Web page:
Letter From a Ugandan with Advice to Kenyan voters

Seeing that we are just two years out of an election here in Uganda, it is only prudent for us to impart some words of wisdom to you our Kenyan brothers and sisters as you make the most important decision for your country in just a few weeks.

Hullo warafiki, I hear that a few weeks from now you will be making the most important decision for your country—choosing the next cabal of politicians to basically rip you off as taxpayers.

In the last few months, you have been bombarded by all manner of campaign messages, promising you all manner of things. If you have been having a single meal a day, I guess some politician has told you how once you elect him, your meals will, without explanation, multiply to thrice a day.

In semi-arid northeastern Kenya, I will not be surprised if another politician has promised to convince the climate to become friendlier and assured you how if elected, the long-dry seasons will be replaced with the rainy ones.

Those are politicians for you. Don’t think yours are any different. Just the other day in the UK, the MPs were clamouring for a salary raise when their government is struggling to cut costs. I am told your waheshimiwa before they ended the last Parliament made a raft of demands—including a state funeral whenever they died.

It is a pity President Mwai Kibaki denied them this wish—I could see some crazy chap walking into that House strapped with some explosives and granting them this wish en masse.

But away from sinister thoughts, I felt I should share with you some tips as voters, seeing that we are just two years out of an election here in Uganda.

Rule Number One is that you are a darling in this courtship season. And like a woman who is being chased before settling and becoming part of his “property”, you should squeeze whatever you can get from your suitor at this moment.

This is the moment a candidate should fix your leaking roof, pay your children’s fees and where possible ensure weeks of free-flowing booze. Do not hesitate to milk the candidates dry because in return, when they make it to office, they will loot your dry.

As Ugandan voters, we are very proud of ourselves. We pushed the politicians so hard that they even raided our Treasury just to ensure we were happy. Had the election dragged on for even an extra month—I think the economy would have crumbled. That is what a good voter does- milk a candidate so hard that if there is no milk, he produces blood.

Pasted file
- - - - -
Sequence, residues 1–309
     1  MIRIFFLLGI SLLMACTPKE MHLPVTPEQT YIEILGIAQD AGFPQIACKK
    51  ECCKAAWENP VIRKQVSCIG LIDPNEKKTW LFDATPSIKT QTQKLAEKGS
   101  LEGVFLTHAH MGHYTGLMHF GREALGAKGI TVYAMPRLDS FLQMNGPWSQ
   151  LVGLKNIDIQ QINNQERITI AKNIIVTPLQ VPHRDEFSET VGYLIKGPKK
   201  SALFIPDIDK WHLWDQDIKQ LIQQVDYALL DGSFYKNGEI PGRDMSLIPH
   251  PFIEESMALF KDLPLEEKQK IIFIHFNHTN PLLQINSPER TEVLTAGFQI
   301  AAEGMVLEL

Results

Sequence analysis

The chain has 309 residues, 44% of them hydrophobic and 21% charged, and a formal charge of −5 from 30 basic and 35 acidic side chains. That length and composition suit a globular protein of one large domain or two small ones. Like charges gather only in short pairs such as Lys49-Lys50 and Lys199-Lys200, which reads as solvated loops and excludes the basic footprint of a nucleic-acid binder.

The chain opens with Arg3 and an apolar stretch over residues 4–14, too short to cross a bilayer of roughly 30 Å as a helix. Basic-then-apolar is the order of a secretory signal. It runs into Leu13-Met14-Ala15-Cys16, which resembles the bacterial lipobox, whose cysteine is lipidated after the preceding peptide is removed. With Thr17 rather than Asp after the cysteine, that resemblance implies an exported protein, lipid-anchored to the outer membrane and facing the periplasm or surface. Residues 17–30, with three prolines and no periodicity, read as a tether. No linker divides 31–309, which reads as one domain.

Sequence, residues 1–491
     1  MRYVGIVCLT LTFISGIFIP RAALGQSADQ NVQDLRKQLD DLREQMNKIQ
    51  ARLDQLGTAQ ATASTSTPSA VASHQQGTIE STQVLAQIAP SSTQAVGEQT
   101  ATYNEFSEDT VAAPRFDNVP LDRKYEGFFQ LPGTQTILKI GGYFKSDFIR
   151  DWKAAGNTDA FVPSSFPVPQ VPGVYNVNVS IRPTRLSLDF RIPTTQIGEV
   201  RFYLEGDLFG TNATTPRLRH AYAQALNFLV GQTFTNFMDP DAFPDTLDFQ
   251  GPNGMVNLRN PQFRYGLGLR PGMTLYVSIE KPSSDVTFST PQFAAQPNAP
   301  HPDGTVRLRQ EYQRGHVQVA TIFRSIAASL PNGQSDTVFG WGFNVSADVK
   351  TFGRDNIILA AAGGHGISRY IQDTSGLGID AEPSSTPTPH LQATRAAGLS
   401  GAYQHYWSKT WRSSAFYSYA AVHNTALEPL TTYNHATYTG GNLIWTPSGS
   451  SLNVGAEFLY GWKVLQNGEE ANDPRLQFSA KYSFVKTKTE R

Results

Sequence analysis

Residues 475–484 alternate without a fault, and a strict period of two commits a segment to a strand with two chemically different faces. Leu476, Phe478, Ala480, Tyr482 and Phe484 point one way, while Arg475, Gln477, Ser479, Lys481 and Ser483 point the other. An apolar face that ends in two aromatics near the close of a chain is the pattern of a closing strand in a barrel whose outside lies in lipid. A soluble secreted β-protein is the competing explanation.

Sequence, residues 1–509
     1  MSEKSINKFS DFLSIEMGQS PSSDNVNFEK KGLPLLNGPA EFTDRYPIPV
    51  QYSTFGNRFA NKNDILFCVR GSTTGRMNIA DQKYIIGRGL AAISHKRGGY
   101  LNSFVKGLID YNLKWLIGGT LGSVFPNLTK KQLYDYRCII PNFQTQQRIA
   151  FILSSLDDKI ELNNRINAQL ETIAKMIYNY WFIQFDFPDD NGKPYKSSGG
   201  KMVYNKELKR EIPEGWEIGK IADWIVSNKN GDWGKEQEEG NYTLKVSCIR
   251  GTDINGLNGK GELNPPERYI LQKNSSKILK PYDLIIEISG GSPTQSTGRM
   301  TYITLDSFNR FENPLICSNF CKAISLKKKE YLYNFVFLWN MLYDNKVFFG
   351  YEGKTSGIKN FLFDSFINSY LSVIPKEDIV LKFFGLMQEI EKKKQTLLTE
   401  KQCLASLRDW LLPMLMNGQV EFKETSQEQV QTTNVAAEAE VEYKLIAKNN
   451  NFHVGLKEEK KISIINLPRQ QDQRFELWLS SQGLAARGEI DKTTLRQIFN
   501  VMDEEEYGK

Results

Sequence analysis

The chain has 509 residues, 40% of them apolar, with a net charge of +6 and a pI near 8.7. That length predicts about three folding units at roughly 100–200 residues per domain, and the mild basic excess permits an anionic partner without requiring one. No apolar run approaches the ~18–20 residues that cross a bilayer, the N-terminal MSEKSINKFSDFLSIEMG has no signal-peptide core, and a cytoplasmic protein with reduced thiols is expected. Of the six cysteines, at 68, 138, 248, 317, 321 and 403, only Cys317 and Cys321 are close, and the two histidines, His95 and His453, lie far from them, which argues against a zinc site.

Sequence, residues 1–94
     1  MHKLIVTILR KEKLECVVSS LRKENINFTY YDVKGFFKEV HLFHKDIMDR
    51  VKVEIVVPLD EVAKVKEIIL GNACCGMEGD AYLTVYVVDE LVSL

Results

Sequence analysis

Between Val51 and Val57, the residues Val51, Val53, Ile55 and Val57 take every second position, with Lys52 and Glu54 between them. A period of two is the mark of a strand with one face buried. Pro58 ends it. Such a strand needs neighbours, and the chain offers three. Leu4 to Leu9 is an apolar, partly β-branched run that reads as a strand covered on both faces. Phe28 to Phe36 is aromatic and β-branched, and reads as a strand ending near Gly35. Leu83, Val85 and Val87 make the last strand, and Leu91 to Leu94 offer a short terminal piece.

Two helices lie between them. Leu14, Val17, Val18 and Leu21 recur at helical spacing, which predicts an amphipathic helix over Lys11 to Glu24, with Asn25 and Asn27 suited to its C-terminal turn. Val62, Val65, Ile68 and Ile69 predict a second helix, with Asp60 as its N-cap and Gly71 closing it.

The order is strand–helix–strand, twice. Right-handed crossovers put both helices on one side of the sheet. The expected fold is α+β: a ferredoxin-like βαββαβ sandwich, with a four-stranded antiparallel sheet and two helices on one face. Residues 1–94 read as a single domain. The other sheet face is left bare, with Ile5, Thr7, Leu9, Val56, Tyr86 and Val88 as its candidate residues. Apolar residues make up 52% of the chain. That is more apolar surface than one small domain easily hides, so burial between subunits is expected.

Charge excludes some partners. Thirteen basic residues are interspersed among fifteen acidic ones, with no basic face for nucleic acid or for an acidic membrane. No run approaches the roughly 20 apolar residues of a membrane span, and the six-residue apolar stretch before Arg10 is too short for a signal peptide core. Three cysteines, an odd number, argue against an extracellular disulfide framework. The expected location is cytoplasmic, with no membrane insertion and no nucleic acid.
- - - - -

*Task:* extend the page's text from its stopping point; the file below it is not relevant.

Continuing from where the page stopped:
Secondly, forget this sijui Jubilee sijui CORD alliance. Those alliances do not put bread on your table. Your vote should go to the highest bidder. The party that drowns your village in changaa is the party to vote for. Truth be told, for the next five years, you will crave to see these Honourables but unless you have money to buy newspapers or buy a TV, it will remain that—a wish. Don’t be fooled by the choppers criss-crossing your skies and how each candidate is willing to shake your hand however dirty your palms are. It is a ritual they know they must go through as they wait to dip their soft fingers in warm towels during breakfasts at five-star hotels as they get rid of the stains you left in their palms.

Thirdly, by now you must have heard of things like investment and savings. The politicians have told you how when voted they will grow your economy by increasing investments while managing savings.

Of course they are lying. What they exactly mean is when voted, they will ensure your taxes solve their personal problems or grow their personal investment profiles. Some bit of selfishness is therefore called for here. You should practice these things starting with yourself.

As the sugar, paraffin, OMO and other goodies do the rounds; just know that after March 3, none of these will be as easily available as they are now. It is therefore wise to ensure you stock some of these in your bedroom.

Do not consume like the elections will not come to an end. And this being a Kenyan election, if 2007 is anything to go by, it is not over until it is over. The stocks might come in handy just in case some chaps decide to make the place ungovernable for a while as they dispute the results.

Kura yako ni haki yako, enjoy the season and vote wisely!

By Don Wanyama


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